Built in 1912, the Donald Street Police Station and Court House was erected out of need. The Fort William Police Department was conducting their court sessions informally due to the inadequate space of their previous station. The Donald Street Station offered the Department lots of space. The building has three stories and a basement, creating enough space to house a courtroom, separate cell blocks for men, women, and juveniles, offices for law clerks and magistrates as well as a public hall for meetings. After 83 years of use by the Fort William Police Department, and later the Thunder Bay Police Department the Police Department moved to a new location to accommodate the expanding police force in Thunder Bay. The building was then converted into the Thunder Bay Museum in 1995. The Museum, which had for decades confronted problems with spacing at its numerous different locations, finally found a permanent home at 425 Donald Street in the old police station.
Built in 1912 the building is a combined courthouse and police station designed by R. E. Mason and constructed by Mr. Michael Braden. The Donald Street Police Station is a three-storey building and is an example of the Edwardian Classical style of architecture. This style of architecture flourished in the earliest years of the 20th Century until WWI and corresponds to the reign of Britain’s King Edward VII.
A wide flight of curving stone stairs surrounded by a solid, stepped stone parapet leads to an imposing portico. Subdivided into three sections, the central portion of the facade is recessed and framed by two massive columns. The free-standing columns rise stories and are accented by two pilasters that are attached to the facade wall on both sides of the entrance. The placement of these pilasters gives the impression that there are four columns instead of two, creating an interesting optical illusion.
The columns support a massive moulded architrave which extends across the facade, and over the entrance was a pediment with a bull’s eye window. The facade is rusticated stone up to the 2nd floor and the remainder of the facade is faced with Milton brick. Although the windows of the upper portion of the facade have been altered, the stone sills and lintels remain intact.
History of Thunder Bay Historical Society
The Thunder Bay Historical Society, which had its beginnings in 1908, was founded by Peter McKellar and received 100 dollars per year in funding from the Government of Ontario in 1910 . This funding proved to be enough to produce annual reports, which have given invaluable insight into the state of Port Arthur and Fort William during these early years. Unfortunately, the funding was discontinued after 1928 and a corresponding gap in annual reports resulted. Only two « bulletins » and one centennial issue (in 1967) were published in the following decades.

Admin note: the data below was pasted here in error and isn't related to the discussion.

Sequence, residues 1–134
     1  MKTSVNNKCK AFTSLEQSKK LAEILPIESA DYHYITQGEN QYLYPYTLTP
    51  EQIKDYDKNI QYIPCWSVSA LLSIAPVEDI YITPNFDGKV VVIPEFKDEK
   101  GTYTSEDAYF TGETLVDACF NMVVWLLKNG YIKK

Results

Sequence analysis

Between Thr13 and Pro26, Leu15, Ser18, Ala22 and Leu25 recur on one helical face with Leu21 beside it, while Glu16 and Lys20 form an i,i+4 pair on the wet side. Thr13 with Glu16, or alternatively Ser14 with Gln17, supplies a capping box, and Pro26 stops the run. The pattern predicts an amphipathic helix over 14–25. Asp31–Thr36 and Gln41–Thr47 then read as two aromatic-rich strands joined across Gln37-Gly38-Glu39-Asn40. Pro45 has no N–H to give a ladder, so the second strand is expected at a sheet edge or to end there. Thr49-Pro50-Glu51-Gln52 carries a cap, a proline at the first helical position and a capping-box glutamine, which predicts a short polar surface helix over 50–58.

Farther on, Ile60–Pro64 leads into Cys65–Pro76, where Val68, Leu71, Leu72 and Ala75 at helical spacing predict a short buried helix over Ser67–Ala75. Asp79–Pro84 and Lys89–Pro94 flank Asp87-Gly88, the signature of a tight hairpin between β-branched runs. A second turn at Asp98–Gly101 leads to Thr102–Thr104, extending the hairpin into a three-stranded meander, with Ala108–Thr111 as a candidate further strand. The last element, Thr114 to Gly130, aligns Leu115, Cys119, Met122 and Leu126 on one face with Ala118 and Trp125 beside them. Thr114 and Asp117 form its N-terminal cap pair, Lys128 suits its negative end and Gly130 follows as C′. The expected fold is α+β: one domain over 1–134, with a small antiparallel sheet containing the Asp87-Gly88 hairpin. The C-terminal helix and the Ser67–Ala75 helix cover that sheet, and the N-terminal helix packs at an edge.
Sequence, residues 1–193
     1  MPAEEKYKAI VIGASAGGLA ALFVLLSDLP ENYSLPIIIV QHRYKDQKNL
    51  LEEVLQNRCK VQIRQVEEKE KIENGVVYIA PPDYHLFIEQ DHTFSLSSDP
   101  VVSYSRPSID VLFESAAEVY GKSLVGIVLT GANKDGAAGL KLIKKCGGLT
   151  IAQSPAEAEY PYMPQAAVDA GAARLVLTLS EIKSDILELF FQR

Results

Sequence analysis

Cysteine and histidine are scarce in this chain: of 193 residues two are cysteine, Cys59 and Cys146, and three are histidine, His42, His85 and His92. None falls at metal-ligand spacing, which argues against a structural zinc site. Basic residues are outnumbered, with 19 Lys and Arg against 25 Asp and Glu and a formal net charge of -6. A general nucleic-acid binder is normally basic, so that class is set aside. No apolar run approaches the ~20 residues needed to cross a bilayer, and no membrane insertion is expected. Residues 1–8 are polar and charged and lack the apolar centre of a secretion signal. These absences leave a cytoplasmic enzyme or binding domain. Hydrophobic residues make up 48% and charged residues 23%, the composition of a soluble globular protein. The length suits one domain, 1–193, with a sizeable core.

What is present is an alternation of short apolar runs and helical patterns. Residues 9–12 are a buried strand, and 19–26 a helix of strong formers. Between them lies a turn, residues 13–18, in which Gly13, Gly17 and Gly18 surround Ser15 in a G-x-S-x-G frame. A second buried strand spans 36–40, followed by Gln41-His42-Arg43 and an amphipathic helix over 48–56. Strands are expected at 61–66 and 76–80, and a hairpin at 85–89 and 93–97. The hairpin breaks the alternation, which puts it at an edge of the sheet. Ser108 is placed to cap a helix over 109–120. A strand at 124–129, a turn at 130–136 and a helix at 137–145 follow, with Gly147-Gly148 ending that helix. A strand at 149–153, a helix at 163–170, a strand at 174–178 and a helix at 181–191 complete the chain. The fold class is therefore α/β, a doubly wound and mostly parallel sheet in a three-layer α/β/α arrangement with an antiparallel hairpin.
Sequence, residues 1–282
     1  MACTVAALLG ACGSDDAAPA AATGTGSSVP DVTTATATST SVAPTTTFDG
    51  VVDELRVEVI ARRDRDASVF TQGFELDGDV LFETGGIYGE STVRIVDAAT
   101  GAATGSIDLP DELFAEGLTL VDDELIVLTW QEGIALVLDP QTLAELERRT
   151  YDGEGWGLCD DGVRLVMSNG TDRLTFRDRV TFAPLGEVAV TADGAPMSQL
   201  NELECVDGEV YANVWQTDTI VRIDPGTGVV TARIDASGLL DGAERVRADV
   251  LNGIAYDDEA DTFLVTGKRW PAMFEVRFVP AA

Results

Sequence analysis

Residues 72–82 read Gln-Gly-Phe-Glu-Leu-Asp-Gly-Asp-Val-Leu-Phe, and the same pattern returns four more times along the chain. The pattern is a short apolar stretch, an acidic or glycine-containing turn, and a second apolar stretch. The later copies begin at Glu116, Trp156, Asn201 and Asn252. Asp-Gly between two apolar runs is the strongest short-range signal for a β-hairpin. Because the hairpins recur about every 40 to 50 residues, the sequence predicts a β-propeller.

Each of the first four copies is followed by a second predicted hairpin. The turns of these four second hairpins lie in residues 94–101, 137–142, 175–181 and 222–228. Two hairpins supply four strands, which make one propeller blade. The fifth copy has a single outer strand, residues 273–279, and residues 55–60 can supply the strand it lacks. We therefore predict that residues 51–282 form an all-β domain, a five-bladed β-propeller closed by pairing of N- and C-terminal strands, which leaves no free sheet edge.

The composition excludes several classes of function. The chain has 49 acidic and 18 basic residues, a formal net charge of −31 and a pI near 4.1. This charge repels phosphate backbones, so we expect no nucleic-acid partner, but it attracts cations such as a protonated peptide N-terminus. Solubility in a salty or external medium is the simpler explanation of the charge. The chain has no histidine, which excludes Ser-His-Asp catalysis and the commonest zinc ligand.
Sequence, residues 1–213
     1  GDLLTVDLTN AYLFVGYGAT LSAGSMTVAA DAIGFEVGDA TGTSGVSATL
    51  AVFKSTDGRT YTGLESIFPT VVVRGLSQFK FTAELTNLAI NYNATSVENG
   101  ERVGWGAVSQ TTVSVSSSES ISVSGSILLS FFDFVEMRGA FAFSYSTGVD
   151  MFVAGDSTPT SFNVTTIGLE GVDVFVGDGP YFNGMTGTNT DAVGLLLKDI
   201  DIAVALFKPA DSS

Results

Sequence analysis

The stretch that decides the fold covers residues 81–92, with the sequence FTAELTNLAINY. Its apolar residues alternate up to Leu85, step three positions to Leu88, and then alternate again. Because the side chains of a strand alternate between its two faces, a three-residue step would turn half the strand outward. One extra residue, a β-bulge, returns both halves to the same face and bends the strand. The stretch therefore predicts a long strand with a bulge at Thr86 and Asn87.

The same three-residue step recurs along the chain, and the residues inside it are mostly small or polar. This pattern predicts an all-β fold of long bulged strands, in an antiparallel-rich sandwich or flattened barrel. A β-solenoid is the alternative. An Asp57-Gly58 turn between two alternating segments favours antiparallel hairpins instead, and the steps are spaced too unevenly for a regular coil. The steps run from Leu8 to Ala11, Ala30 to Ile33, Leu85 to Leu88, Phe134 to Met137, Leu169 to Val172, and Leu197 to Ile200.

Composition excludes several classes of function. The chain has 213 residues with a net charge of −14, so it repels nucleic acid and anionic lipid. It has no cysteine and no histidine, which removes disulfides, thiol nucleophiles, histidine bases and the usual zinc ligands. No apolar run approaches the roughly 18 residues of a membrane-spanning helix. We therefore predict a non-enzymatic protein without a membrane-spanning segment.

The Society suffered along with the rest of the area during the Great Depression of the 1930’s. Membership dwindled to only eight, although those that remained were determined to keep the Society alive. Emerging from hard times, the Historical Society was revived with an invitation from the Minnesota Historical Society to participate in the La Verendrye Bicentennial celebration at Grand Portage. This spurred a ‘new phase,’ and forty members enrolled with the Society.
Despite the growing interest, the Society was without an established location. Meetings were held in the homes of the members, and by the mid 1930’s it became apparent that a space would be needed to house the artifacts being donated to the Society. In 1942 the former smoking room of the Brodie Street Library became available and was utilised by the Thunder Bay Historical Society as a Museum. Within a few short years, however, space was becoming too cramped for the expanding exhibits of the Museum but plans to acquire a larger structure failed. In 1957, the Library built an addition which proved to be adequate accommodation for the Museum for almost a decade.
The Thunder Bay Museum was forced to move in 1972, and it found a new home in a former registry office. Once again, the Museum outgrew this spatial arrangement and undertook a major campaign in 1995 to acquire and renovate the old police station at 425 Donald Street. The major exhibits of the Museum, which opened in 1997, have ample space as additions have been made to the already fair-sized structure.